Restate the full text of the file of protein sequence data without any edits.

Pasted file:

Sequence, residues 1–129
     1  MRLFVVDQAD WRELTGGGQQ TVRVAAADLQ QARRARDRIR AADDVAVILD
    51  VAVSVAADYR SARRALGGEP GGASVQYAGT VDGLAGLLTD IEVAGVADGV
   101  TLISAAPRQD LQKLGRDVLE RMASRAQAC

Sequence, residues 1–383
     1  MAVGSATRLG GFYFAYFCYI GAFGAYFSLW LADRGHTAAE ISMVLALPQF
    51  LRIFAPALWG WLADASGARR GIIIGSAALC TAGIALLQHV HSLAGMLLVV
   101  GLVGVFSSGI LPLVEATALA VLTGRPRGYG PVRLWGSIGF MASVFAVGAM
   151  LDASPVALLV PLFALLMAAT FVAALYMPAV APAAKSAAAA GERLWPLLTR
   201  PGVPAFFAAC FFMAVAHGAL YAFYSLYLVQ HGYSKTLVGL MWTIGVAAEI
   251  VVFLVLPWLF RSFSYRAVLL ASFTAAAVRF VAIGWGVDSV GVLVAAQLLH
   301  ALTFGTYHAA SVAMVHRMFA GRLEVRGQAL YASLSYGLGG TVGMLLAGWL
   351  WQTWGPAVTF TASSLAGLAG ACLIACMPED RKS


Sequence, residues 1–129
     1  MRLFVVDQAD WRELTGGGQQ TVRVAAADLQ QARRARDRIR AADDVAVILD
    51  VAVSVAADYR SARRALGGEP GGASVQYAGT VDGLAGLLTD IEVAGVADGV
   101  TLISAAPRQD LQKLGRDVLE RMASRAQAC

Sequence, residues 1–383
     1  MAVGSATRLG GFYFAYFCYI GAFGAYFSLW LADRGHTAAE ISMVLALPQF
    51  LRIFAPALWG WLADASGARR GIIIGSAALC TAGIALLQHV HSLAGMLLVV
   101  GLVGVFSSGI LPLVEATALA VLTGRPRGYG PVRLWGSIGF MASVFAVGAM
   151  LDASPVALLV PLFALLMAAT FVAALYMPAV APAAKSAAAA GERLWPLLTR
   201  PGVPAFFAAC FFMAVAHGAL YAFYSLYLVQ HGYSKTLVGL MWTIGVAAEI
   251  VVFLVLPWLF RSFSYRAVLL ASFTAAAVRF VAIGWGVDSV GVLVAAQLLH
   301  ALTFGTYHAA SVAMVHRMFA GRLEVRGQAL YASLSYGLGG TVGMLLAGWL
   351  WQTWGPAVTF TASSLAGLAG ACLIACMPED RKS